Connection and mental health

As human beings, we are born to relate. Initially, we need to connect and to be connected with to survive. From the day we are born, from our very first experience of being in relationship with another person – usually our mother – right across the lifespan, we are relating to and connecting with others.

Relating to others is specific to all personality types and temperaments. Physical, psychological, and emotional connection are the central planks on which we develop as a person. These are also the central planks on which we buttress and support our mental health across the lifespan. The facilitative environment and experiences a parent or caregiver afford an infant imbue a template for which we as children, through adolescence, and into adulthood, will form autonomous and unique relationships with other people in the world. What complicates this is that there is nothing static in our world. Life is so dynamic and forever changing, that even in the context of a person who experienced adversity or a lack of connection in childhood, our story is never fully written until we die. Carrying this open, hopeful message is important to us at Aware in terms of supporting people who are impacted by depression and bipolar disorder.

Having an emotionally intimate relationship with at least one other person is a cornerstone to protecting and supporting our mental health. Often it is the experience of being ‘out’ of relationship with someone, of having lost a significant relationship with someone, of being disconnected from relationships that a deterioration in our mental health can manifest. At our Support Services, we often hear people describe their experience of isolation, of not having any person in their lives to connect with, to talk to, to share their life experiences with. Being isolated or disconnected from relationships has a clear, detrimental impact on our mental health. Cyclically, this is what occurs when depression or a mood related condition manifests itself. Complications in relationships, or a lack of connected relationships can exacerbate that sense of depression.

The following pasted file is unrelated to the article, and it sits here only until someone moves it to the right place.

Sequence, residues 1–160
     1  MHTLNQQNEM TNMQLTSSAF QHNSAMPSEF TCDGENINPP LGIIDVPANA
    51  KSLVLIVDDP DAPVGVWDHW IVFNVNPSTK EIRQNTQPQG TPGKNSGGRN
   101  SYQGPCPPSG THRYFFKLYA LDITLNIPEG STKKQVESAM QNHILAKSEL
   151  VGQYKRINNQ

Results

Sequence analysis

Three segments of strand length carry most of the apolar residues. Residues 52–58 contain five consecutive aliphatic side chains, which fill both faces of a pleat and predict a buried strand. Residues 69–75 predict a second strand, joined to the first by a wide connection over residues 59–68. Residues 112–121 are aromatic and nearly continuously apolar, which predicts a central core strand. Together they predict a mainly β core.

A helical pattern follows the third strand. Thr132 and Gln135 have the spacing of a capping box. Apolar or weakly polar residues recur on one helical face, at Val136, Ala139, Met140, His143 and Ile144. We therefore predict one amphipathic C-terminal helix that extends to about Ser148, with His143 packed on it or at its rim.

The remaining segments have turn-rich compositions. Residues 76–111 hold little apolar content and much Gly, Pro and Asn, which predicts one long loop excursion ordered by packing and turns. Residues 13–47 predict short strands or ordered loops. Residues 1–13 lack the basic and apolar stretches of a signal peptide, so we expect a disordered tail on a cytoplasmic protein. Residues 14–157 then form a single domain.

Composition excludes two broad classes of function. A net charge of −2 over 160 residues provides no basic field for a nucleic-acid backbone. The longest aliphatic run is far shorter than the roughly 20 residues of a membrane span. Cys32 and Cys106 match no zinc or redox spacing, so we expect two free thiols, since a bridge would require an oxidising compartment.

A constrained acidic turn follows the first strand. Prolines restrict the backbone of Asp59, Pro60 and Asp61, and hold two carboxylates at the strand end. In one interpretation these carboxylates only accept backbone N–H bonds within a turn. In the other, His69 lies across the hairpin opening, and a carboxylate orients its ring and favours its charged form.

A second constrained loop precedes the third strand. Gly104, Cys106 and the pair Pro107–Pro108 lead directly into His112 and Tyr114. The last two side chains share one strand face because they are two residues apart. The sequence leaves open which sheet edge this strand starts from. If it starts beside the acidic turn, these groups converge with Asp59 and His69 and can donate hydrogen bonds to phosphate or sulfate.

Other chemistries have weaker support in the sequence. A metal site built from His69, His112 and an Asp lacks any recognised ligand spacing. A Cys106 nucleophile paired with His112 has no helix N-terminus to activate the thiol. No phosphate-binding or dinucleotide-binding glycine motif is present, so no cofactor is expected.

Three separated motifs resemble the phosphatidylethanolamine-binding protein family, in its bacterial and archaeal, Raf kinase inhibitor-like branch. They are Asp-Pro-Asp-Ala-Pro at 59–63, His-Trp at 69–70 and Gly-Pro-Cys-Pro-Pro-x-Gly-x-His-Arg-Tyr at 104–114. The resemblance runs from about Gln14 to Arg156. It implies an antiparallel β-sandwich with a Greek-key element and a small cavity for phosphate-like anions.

Naturally, societal inequalities highlight and sharpen a sense of disconnect experienced on an individual and community basis. The stress, anxiety, and mood implications generated due to financial burdens, homelessness, or poverty put a strain on the experience of connection with people within a familial or social support system. Ongoing, chronic stress without a support system that is empowering can lead to people feeling disconnected or disenfranchised from society.

Understanding mental health through the prism of how we are relating to others in our life, how the ‘ebb and flow’ of how we feel both connected and disconnected, is dependent on the life events we experience and situational factors of our lives. All of us will experience challenges in life, which can take a toll on our mental health. The harmony, and at times disharmony, in our connection to ourselves and others, provides a platform to think about what we might be able to do to empower ourselves to respect that disconnection and disharmony do form part of relationships. The antidote to this could be that by connecting internally (developing a caring relationship with yourself) and with others with compassion, by speaking about how we think and feel, will serve to develop and support our mental health – right across the lifespan.

This blog is by Stephen McBride, Director of Services at Aware for Aware Mental Health Week 2023.  

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